An Academy for Grown Horsemen; Containing the Completest Instructions for Walking, Trotting, Cantering, Galloping, Stumbling and Tumbling: The Annals of Horsemanship: Containing Accounts of Accidental Experiments and Experimental Accidents, Both Successful and Unsuccessful;

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Vernor, Hood, and Sharpe; Longman, Hurst, Rees, and Orme; J. Walker; J. Harris; and W. Bayne; at the union printing-office, 1808 - Horsemanship - 97 pages
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Page 13 - These are usually accounted six in number, viz. the Lever, the Wheel and Axle, the Pulley, the Inclined Plane, the Wedge, and the Screw.
Page 5 - ... the stones out of his way, which might otherwise throw him down. If he turns out his toes as well as he should do, he will then disperse them to the right and the left, and not ha"Ve the trouble of kicking the same stone a second time. A bald face, wall eyes, and white legs (if your horse...
Page 74 - The BEAUTIES of HISTORY ; or, Pictures of Virtue and Vice, drawn from examples of Men eminent for their Virtues, or infamous for their Vices. Selected for the instruction and entertainment of Youth. By the late Dr.
Page 21 - ... from his box, or a footman from behind the coach, and placed him in the carriage by the side of his Mistress. I propose also to devote part of my labours to the service of the fair sex, in composing a set of easy rules for riding gracefully between a pair of panniers, and supporting a butter-basket in the most elegant style ; a thorough possession of these attractions may draw the attention of the foxhunting Squires, and possibly raise the Lady possessing them to the dignity of Spouse to his...
Page i - ANNALS OF HORSEMANSHIP: Containing accounts of Accidental Experiments and Experimental Accidents, both successful and unsuccessful : Communicated by various correspondents to Geoffrey...
Page 31 - Tis a fharper, who flakes his penury Againft thy plenty who takes thy ready cafh, And pays thee nought but wifhes, hopes, and promifes, The currency of ideots. Injurious bankrupt, That gulls the eafy creditor! Tomorrow ! It is a period no where to be found, In all the hoary regifters of Time, Unlefs perchance in the fool's calendar. Wifdom difclaims the word, nor holds fociety With thofe who own it. No, my Horatio, 'Tis Fancy's child, and Folly is its father; Wrought of fuch fluff as dreams are ;...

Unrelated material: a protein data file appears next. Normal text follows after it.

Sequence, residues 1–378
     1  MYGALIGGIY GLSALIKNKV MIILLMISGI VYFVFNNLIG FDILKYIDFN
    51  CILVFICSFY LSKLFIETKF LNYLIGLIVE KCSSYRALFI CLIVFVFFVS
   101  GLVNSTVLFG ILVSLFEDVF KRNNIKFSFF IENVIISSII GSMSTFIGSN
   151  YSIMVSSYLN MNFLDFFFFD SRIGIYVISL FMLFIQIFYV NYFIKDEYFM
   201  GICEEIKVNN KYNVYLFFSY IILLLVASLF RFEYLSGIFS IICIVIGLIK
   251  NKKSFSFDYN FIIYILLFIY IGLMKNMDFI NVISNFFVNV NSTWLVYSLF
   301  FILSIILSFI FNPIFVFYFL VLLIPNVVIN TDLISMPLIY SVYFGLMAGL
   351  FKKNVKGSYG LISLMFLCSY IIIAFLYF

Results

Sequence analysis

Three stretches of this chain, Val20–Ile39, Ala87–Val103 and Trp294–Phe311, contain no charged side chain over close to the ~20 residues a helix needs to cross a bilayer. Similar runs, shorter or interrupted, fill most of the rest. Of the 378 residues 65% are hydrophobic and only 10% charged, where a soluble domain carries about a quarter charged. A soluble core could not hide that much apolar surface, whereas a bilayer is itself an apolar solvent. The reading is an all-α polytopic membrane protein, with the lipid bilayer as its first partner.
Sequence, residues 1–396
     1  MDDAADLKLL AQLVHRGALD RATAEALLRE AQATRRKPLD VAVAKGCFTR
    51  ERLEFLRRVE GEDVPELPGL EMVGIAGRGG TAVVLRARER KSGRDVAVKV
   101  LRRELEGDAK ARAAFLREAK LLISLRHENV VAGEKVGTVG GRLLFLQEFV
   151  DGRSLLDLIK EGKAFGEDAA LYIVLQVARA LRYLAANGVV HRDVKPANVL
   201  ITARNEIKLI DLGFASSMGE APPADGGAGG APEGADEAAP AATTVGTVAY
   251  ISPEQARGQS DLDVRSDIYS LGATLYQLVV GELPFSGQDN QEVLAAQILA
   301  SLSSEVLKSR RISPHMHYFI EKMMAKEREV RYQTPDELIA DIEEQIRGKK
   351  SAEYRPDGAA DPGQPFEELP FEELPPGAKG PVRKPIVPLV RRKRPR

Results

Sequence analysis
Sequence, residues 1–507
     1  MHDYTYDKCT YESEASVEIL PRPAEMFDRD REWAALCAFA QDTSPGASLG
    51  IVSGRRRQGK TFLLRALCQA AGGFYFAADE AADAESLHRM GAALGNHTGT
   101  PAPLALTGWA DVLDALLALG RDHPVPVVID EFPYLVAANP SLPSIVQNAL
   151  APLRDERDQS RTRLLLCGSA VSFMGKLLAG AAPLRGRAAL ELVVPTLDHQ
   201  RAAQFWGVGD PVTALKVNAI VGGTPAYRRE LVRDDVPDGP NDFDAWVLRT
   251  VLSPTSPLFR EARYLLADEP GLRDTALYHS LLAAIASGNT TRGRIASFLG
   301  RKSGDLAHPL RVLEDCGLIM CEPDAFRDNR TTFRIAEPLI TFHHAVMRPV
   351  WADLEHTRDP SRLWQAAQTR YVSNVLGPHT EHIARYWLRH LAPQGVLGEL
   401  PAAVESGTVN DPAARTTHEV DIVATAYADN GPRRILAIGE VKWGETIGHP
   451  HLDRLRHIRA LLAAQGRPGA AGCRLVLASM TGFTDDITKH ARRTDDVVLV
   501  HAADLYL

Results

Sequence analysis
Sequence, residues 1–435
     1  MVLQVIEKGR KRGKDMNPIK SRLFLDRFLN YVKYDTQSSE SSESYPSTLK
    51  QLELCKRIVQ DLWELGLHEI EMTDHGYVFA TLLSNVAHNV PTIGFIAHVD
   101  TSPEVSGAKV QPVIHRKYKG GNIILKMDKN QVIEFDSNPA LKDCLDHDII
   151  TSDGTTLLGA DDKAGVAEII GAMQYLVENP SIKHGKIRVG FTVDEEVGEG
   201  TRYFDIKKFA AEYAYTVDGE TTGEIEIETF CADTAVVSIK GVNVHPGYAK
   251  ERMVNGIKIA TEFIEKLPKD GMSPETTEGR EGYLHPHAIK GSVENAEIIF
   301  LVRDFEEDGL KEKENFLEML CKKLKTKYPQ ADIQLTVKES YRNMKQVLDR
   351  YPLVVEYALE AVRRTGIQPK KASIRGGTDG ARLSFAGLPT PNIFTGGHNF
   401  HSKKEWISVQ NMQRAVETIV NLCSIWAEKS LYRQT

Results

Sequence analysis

Page vii - May many be the necks it preserves for nobler purposes! ******** thus publiekly to acknowledge my obligations to him. ****** As I shall be as concise and explicit as possible in the valuable instructions and discoveries I am now about to communicate to the world ; it will be the reader's own fault, if he does not profitably benefit by them. When I have told him how to...
Page 5 - ... much so, as if their eyes were any way concerned in the action of the animal. As I know they are not, I give myself very little trouble about them. If a rider is in full possession of his own, what his horse has is perfectly immaterial; having probably a bridle in his mouth to direct him where to go, and to lift him up with again, if he tumbles down. Any gentleman...
Page 13 - ... you spur the saddle cloth ; if you are leggy you never touch him at all ; and if middling you only wear out your own girths, without your horse being a bit the better for it. Elegance of position is to be considered as particularly essential to every gentleman that appears on horseback in publick. And I shall endeavour to point out what most immediately constitutes it. The mode of leaning the body pretty forward over the pommel of the saddle, in a walk or a trot, has been too little in practice...
Page 6 - ... are of little consequence; and as I am, no doubt, the first author that has made it known, my readers, if they lose no time, may mount themselves at Aldridge's, or the Rhedarium, as well and for half the money they would have done, before I let them into this secret.

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